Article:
Fringe Box



Where Is This? No.88

Published on: 18 Dec, 2013
Updated on: 18 Dec, 2013

By David Rose

All those who replied to last week’s vintage picture, including some who were not sure, correctly identified it as being Manor Road in Stoughton.

And the brick arches in the quirky photo are indeed at Millmead. “The bridge leading to GBC at Millmead” as Bernard Parke commented. Or I guess it could be “leading from the council offices, depending on your thinking.

The Stanniforth brothers made their regular speedboat prize plea. Perhaps I shouldn’t include images that feature water!

Thanks again to Brian Holt for his comments about Stoughton Road and the late Joe Dawson. Click here to see last week’s post and all the replies at the foot of it.

I had the good fortune of meeting Joe over a decade ago, and he kindly allowed me to copy a number of photos he had of Stoughton’s Yellow Bus Services (YBS).


Where is this and any details of the bus?

Moving on to this week, so here is one of those YBS photos. I think the occasion is the procession as part of Guildford’s celebrations for the Queen’s coronation in 1953.

Shouldn’t be too hard to identify the exact location. And I’m hoping our bus and coach experts can add a few more details.

Where is this roughly and what is it?

Where is this roughly and what is it?

Here is this week’s quirky photo. Unfortunately, it is another one with a watery connection. But you wouldn’t want to get tangled up here. As a clue, it’s not that far away from the location of last week’s picture. I must get out and take some new ones!

If you know the answers to this week’s, and perhaps have some comments to make, please leave a reply in the box below. All replies will be posted at about the same time next week, along with a new post with the answers to this week’s vintage photo and quirky picture, and the next pair of images.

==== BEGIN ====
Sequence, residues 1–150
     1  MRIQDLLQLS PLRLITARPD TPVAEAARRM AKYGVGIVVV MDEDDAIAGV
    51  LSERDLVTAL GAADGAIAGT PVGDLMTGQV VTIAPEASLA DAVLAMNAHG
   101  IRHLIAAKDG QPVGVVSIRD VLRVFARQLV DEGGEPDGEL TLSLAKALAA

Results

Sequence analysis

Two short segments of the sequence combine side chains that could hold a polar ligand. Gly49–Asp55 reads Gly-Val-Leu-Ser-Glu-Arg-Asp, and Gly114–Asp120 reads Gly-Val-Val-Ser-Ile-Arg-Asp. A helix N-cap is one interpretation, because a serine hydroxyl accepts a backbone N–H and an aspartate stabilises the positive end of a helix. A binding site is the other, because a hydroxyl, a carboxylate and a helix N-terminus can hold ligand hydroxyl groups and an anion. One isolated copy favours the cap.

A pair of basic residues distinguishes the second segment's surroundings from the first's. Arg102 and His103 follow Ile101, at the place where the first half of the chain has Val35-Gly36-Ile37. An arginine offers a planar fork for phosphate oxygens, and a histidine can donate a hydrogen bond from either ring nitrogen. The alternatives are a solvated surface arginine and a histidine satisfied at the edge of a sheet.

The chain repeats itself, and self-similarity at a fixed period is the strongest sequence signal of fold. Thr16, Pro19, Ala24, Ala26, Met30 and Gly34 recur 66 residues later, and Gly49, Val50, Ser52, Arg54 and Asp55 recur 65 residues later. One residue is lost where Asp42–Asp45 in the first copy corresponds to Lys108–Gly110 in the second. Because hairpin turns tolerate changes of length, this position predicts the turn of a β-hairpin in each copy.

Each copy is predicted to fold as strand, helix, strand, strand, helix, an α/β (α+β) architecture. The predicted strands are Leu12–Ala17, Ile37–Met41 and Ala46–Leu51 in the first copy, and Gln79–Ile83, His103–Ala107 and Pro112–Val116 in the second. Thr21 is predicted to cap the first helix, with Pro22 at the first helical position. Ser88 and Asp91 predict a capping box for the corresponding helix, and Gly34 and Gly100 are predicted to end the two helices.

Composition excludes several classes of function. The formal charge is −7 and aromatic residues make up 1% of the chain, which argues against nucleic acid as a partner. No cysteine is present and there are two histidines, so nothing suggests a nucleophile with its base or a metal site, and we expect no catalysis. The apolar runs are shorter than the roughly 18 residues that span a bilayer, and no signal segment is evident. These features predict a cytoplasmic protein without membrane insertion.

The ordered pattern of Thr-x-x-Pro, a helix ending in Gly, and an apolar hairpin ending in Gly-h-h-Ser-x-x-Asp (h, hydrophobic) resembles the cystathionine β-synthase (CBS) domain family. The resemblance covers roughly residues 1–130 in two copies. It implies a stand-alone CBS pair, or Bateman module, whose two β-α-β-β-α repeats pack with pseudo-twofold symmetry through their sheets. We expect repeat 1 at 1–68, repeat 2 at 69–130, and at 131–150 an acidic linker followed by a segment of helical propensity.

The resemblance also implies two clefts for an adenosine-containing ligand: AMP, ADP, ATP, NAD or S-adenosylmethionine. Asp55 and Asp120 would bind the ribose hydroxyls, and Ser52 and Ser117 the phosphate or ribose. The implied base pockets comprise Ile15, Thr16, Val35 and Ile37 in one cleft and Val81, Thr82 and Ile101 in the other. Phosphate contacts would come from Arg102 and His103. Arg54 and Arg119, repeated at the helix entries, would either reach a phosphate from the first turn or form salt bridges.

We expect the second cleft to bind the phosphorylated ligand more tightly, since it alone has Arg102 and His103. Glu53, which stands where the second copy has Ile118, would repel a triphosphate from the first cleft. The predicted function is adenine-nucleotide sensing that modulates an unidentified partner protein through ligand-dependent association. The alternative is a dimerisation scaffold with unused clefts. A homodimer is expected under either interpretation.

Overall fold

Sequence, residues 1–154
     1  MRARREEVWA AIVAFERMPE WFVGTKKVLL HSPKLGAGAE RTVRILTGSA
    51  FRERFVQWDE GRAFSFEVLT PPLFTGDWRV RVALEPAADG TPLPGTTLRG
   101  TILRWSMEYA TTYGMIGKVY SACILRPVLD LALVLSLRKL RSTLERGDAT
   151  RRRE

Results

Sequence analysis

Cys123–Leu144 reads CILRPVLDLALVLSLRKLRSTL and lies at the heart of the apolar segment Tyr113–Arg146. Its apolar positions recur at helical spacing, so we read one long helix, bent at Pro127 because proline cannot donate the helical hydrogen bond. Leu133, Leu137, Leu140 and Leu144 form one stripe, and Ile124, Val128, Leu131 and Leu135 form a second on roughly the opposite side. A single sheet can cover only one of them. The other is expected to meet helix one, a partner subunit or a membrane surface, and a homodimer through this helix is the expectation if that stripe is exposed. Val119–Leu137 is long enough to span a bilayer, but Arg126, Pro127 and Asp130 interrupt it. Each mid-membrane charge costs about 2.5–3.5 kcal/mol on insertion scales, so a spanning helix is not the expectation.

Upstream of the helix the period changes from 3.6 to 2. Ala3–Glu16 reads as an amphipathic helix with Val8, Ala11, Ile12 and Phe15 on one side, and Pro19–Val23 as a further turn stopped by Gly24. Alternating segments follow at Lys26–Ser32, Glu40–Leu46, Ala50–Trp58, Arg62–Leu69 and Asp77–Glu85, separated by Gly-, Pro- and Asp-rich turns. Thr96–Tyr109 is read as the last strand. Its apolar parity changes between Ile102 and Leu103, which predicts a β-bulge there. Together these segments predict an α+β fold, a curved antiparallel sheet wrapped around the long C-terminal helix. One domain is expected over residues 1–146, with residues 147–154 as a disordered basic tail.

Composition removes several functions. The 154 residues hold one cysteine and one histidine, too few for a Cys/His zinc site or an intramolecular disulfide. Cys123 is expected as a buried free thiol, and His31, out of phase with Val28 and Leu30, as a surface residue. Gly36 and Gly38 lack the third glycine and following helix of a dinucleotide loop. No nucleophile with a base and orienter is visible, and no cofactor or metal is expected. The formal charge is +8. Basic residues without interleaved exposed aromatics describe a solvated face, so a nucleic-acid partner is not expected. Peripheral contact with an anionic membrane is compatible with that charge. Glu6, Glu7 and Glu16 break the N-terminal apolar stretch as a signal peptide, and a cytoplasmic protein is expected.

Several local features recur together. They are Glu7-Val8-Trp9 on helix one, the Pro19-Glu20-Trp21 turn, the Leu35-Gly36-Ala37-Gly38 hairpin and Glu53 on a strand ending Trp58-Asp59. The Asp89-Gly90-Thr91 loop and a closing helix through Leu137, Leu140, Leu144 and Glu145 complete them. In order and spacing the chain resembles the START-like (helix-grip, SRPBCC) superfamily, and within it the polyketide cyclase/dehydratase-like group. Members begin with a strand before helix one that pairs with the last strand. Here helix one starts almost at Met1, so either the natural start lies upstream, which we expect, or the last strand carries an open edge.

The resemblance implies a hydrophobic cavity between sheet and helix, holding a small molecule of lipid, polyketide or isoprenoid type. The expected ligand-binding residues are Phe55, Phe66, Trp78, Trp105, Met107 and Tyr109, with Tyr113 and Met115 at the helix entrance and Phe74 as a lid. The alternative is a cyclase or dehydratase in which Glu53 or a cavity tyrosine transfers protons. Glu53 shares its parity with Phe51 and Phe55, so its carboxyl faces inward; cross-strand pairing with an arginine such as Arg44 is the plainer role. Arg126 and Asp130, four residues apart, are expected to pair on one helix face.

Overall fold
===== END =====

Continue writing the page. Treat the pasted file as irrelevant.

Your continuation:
Share This Post

Responses to Where Is This? No.88

  1. Norman Hamshere Reply

    December 18, 2013 at 10:56 am

    Photographed in the High Street is “Queen of the Highway”, the Yellow Bus Services entry for the 1953 carnival procession. Designed by George Yates of Maison George, hairdressers in Worplesdon Road, it consisted of a huge swan and floral gondola and conveyed conductress Marjorie Nash majestically through the streets of Guildford. It was awarded first prize from the 132 entries on July 9th 1953.

    The vehicle, a Dennis Lancet J10 with 39 seater Gurney Nutting coach body, was just two years old at the time but unfortunately did not make it into preservation.

  2. Carol Norris Reply

    December 18, 2013 at 3:15 pm

    Picture 2 : Weir on River Wey roughly opposite to Shalford Meadows.

  3. John Lomas Reply

    December 18, 2013 at 4:45 pm

    1952 according to “Happy Family” The story of Yellow Bus Services. by N Hamshere and J Sutton.

    Top of the High Street, traffic light junction with North St visible to the right of the photo, beyond the FRYCO truck, Abbot’s Hospital on the left of the photo/beyond the bus.

    The bus is a Dennis Falcon J10 reg# PPA 649 Queen of the Highway, which gained 1st prize out of 132 entries.

    Design inspired by Swan Vesta match box, and constructed by George Yates of “Maison George” hair dressing salon. The design couldn’t get under the Wooden Bridge bridges and had to find an alternative route into town to join the carnival parade.

    I think the quirky photo is part of a sluice control, perhaps Tumbling Bay or one of the locks.

  4. John Lomas Reply

    December 18, 2013 at 4:57 pm

    I think the quirky photo is part of a sluice control, perhaps Tumbling Bay or one of the locks.

  5. Dave Peters Reply

    December 21, 2013 at 12:26 am

    1 Top of High Street by Abbot’s Hospital.

    2 The weir opposite the rowing club

  6. Brian Holt Reply

    December 21, 2013 at 10:31 pm

    This is the 1952 carnival with Abbot’s Hospital in the High Street on the left.
    The in book Happy Family, the story of the Yellow Bus Services Stoughton, Norman Hamshere and John Sutton write the following:
    “Whilst attending the Commercial Vehicle Show at Earls Court in 1950, Mr Hayter was impressed with the new Gurney Nutting 39-seat coach body which he had seen fitted on the new Dennis Lancet J10 chassis to the now permitted dimensions of 8ft width and 30ft in length.